The film tells the story of Noodles (Robert De Niro), a Jewish New Yorker who emerged as a mobster from a tough, reckless childhood and, along with his friends and acquaintances, rose to uncertain (and perhaps partially unwanted) power and luxury. As the film flashes back and fort through his memories, there’s a sense of friendship, betrayal, loss, violence, greed, and ultimately that of an emotional scar so painful and so moving words cannot describe it. There’s glorious nostalgia and compassion in this film, supported by a fistful of great performances (De Niro, James Woods, Elizabeth McGovern, a young Jennifer Connelly and whoever else you want to pick), a beautiful partnership between Leone and Ennio Morricone (which, I believe, tops Spielberg and Williams, because Morricone wins the race by a nose, and Leone by many more), an indescribable collection of close-ups and some of the most beautiful shots of New York you will ever see. Perfection finds a home here.

Yojimbo (Kurosawa Akira, 1961)

Yojimbo, Sanjuro‘s twin brother, tells the story of a nameless ronin (a samurai without a master) who ends up by fate in a hell hole of a provincial city lead by two rival clans in the end of the Tokugawa period and decides to have them fight against each other for the good of the city. While Sanjuro is lighthearted in its humor and more explicit in its criticism of violence, Yojimbo is far darker and more adventurous on the matter (for starters, I think of the iconic entrance of the samurai in town, and his reaction to the passing dog). It’s cleverly arranged in simple but beautiful horizontal and vertical lines (according to Kurosawa scholar Donald Richie, it’s his most beautifully shot film), and Mifune does a classic performance as the good people’s devil in a city where everything is drenched in greed and self-interests. It doesn’t beat the lesser-known Sanjuro and its haunting finale, though.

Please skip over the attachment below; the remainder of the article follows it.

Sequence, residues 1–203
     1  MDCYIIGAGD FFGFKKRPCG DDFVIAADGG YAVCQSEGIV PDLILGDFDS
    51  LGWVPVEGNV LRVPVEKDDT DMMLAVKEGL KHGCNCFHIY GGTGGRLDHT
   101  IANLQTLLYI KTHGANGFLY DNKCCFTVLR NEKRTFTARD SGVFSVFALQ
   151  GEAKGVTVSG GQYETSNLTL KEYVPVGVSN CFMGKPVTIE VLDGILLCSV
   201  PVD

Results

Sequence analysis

The Bourne Identity (Doug Liman, 2002)

A man is found floating adrift in the Mediterranean in the brink of death. He wakes up with no memory of who he is, what he does for a living or what brought him there. After he returns to land, he finds out that he is unconsciously a master of martial arts, a target from local and American police and a highly trained escape artist. He also learns that he has a chip under his skin with a laser that indicates the number of a bank account in Switzerland, full of multiple passports, 4 digits worth of cash and guns. Still, he never even tries to guess who he is, because, after all, there are so many possibilities, including even a spy and an assassin – who knows?

Jason Bourne (Matt Damon) hasn’t watched many action movies, but most people certainly have, and I have too. Still, the movie with the most orange-and-blue poster in movie history (curiously, the movie looks more than fine) is well above average in what comes to aesthetics and authenticity, and although it doesn’t crave for much, it’s thoroughly watchable and exciting in many ways. It feels like an exercise for the sequels (which I haven’t seen yet) in its simple-minded action sequences and thrills, but these thrills are well executed and driven by entertaining characters, mainly Bourne and his CIA counterpart, played by Chris Cooper (who would win the Oscar for another 2002 performance in Adaptation). Plus, you get the cinephiliac thrill of watching Jason Bourne AND Franka Potente from Run Lola Run together on the same mission.